Vitalii Klychko promises to upgrade the existing fleet of public transport vehicles and get near 200 modern busses. Serhii Prytula promises to unite “Big Kyiv” with new types of transportation (express tramways and light metro), build intercept parking, and increase transport frequency by 30%. Iryna Vereshchuk proposes to fight traffic jams with more spacious modern busses and trolleybuses.
Every city needs to develop and modernize its transport infrastructure taking into account population growth estimates and city development plans. The law gives local governments the freedom to do just that: buy public transport vehicles, launch new routes, expand subway coverage, implement programs on transportation, etc.
Kyiv, unfortunately, does not have a complex special-purpose program on transport infrastructure, but in 2019 Kyiv city council allocated transport infrastructure the largest share of the budget: 15.3%. The city also has the best fleet of construction vehicles that build new roads, repair old ones, clear snow and clean the streets. Inhabitants of Kyiv, though, are mostly neutral about the issue. 30% of inhabitants consider city roads awful or bad, 29% — fine or excellent, 33% — of average quality.
UDAR proposes to repair all bridges over Dnipro and build new transport junctions. European solidarity wants to push forward a project of a new bypass highway, develop and expand bicycle infrastructure. Holos plans to create a network of bicycle paths. Servant of the People wants to repair road infrastructure, build a Kyiv bypass highway, and develop a plan to repair roads, bridges, and pavements. Opposition Platform — For Life prepares to repair roads and bridges, build new transport junctions.
Iryna Vereshchuk plans to demarcate separate lanes for public transport on main roads of the capital and start the construction of a Kyiv bypass highway. Vitalii Klychko promises to repair the Paton Bridge, finish the construction of the Podilskyi Bridge, construct new subway stations to reach Troieshchyna and Vynohradar. Serhii Prytula wants to create a network of bicycle routes and cooperate with the oblast council on preparing and implementing a joint plan for developing the network of arterial roads.
As we can see, politicians pay a lot of attention to a bypass highway and road infrastructure development. The city has the authority to take care of its roads. To that end, it can build or repair roads, ramps, pavements, arterial roads, interblock passages, etc.
Housing and public utilities
Housing and public utilities are a problem in Kyiv. On the one hand, according to the evaluation of purpose-specific city programs conducted by the Centre of United Actions Kyiv has received 4 out of 4 points, i.e. the best result possible. On the other hand, the city council allocated only near 10% of its budget on housing and public utilities in 2018-2019. Per citizen, it is only ₴1,264.
Servant of the People proposes to build a modern waste recycling plant, reconstruct the Bortnytsia Station of Aeration, and renovate public parks and recreational zones. UDAR plans to solve the problem of dilapidated housing, finish the reconstruction of Dnirovska and Desnianska waterworks, and reconstruct the Bortnytsia Station of Aeration.
Holos promises to ensure control over the quality and prices of all public utilities, implement a program to renovate residential houses. European solidarity promises to support the program of renovating microdistricts with old residential houses and boost the process of creating housing cooperatives. Opposition Platform — For Life prepares to spend budget funds on modern infrastructure and modernization of public utility networks: water and heat supply, electricity, and gas.
Serhii Prytula proposes to modernize the infrastructure of water supply, sewerage, heat supply, and make Kyiv a leader in waste recycling and utilization. Iryna Vereshchuk prepares to create a special program of affordable social housing, Vitalii Klychko — to solve the problem of dilapidated housing and prevent the construction of skyscrapers in the center of Kyiv.
It is important to remember that housing and public utilities are mostly under the control of local governments. They are responsible for developing and implementing policies on waste management, heat supply and sewerage networks, they can create and own communal companies responsible for municipal improvement. On the other hand, cities are not always able to set tariff rates on some utilities, for example, natural gas or heat.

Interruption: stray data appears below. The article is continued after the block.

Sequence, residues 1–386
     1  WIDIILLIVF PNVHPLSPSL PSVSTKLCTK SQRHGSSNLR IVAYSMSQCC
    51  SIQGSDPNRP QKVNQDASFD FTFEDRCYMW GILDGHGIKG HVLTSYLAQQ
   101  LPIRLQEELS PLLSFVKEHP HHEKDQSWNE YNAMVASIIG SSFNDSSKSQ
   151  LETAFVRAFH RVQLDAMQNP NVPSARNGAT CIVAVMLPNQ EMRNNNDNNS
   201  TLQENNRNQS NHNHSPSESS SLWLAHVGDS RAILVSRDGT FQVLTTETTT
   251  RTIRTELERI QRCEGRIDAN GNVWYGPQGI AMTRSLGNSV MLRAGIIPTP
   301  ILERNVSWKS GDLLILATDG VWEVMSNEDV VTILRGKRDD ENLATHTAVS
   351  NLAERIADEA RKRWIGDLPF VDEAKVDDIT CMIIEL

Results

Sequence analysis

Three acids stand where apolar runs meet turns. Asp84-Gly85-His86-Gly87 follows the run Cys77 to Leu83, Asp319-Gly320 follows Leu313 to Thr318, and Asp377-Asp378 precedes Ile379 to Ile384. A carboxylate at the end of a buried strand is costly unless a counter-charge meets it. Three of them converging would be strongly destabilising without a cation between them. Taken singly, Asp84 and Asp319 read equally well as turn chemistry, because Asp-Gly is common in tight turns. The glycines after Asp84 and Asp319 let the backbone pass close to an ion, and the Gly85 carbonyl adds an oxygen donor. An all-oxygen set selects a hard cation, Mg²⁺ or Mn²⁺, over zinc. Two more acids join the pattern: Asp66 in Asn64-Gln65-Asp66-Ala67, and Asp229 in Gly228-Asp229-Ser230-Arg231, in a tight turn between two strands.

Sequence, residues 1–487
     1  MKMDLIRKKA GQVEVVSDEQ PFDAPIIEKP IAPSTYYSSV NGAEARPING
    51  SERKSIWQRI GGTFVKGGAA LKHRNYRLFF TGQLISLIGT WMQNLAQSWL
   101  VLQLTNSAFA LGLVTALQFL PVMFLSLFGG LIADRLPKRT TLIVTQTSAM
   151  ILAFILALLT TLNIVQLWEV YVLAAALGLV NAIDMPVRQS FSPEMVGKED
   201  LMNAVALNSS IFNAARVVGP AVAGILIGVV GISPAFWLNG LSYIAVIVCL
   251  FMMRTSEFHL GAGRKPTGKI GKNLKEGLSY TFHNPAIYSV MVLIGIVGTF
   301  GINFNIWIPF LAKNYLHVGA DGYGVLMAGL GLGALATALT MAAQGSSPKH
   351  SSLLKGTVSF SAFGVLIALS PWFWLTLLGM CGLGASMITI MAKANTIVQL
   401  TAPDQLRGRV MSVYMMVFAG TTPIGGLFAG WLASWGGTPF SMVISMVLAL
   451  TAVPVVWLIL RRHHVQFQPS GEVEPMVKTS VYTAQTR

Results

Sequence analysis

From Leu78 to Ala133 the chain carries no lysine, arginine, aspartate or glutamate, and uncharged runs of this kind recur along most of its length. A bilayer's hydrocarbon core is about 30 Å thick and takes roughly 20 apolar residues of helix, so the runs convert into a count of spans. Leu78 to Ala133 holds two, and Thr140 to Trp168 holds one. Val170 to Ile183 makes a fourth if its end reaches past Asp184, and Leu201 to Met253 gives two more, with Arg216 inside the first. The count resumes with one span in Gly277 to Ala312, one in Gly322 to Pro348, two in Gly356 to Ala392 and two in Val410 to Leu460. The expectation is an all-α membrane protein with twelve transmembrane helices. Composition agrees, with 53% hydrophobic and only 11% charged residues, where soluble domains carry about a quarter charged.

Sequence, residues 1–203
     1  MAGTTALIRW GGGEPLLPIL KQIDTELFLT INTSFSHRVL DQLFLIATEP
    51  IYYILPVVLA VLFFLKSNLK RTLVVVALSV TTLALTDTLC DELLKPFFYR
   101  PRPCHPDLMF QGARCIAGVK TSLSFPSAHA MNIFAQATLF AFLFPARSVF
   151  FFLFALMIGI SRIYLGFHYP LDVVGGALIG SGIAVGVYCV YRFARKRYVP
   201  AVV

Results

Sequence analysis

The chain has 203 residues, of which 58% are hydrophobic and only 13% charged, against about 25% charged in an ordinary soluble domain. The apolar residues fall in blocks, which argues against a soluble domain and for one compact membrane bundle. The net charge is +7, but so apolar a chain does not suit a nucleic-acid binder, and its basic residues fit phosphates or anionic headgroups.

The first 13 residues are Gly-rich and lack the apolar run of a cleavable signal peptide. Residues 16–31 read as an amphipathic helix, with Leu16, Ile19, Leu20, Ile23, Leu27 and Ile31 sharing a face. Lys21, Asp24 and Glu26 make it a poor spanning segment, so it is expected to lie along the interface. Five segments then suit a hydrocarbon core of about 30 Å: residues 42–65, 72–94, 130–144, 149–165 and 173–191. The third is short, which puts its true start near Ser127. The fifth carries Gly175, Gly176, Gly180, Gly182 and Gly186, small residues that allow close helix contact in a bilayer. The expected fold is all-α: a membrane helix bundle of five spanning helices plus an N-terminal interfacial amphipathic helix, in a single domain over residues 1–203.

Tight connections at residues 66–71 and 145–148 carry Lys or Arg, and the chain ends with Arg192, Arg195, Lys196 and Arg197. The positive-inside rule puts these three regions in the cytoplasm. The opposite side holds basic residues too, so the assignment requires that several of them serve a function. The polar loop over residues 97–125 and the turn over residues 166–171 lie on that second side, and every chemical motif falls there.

To help those in need, Kyiv spends a relatively small share of its budget — 5%. On the other hand, the total amount of money spent on benefits for city inhabitants is impressive — ₴4 bln. The city provides aid for over 700 hundred thousand persons. For its social security policy, Kyiv has received 3.5 out of 4 points according to the evaluation conducted by the Centre of United Actions.
Servant of the People promises to enhance social security for Kyiv pensioners, persons with disabilities, Chornobyl cleanup veterans, war veterans, vulnerable families, and orphans. UDAR wants to prolong the program of supporting citizens in need that was introduced during the lockdown. European solidarity has not included issues of social security in its election platform.
Opposition Platform — For Life prepares to restore programs of social aid, build affordable accommodation, and clean up Kyiv from garbage and waste landfills. Holos aims at providing inclusive public transportation for people with disabilities, old people, parents with strollers, and launch a transparent city program to provide jobs for people with disabilities.
Vitalii Klychko promises to help old people and citizens in need, to launch a program to help young talents. Iryna Vereshchuk hopes to support vulnerable groups, update social security programs, and increase their funding. Serhii Prytula promises more accessible public transportation and more convenient pavements for people with disabilities, a transparent city program to provide jobs for people with disabilities.
The law gives local governments the freedom to provide targeted aid from local budgets, implement social programs, help people in need in other ways. Therefore, promises made by candidates and parties can be fulfilled within the authority of a local government.
Instead of a conclusion
Local elections are no less important than presidential or parliamentary elections. Local governments can oppose ill-conceived initiatives from Bankova, publicly criticize them, and even make the President recall them. This has happened with the presidential initiatives on decentralization: Volodymyr Zelensky had to recall his draft bills twice under pressure from local governments.
One of the few means for the voters to check if their candidates are really going to develop the community instead of making empty promises (like a promise to speed up Ukrainian integration into the EU or NATO by a local council’s resolution) is to check their election platforms.
If you want to know what exactly parties and mayoral candidates promise for your city, please check the online tool by the Centre of United Actions.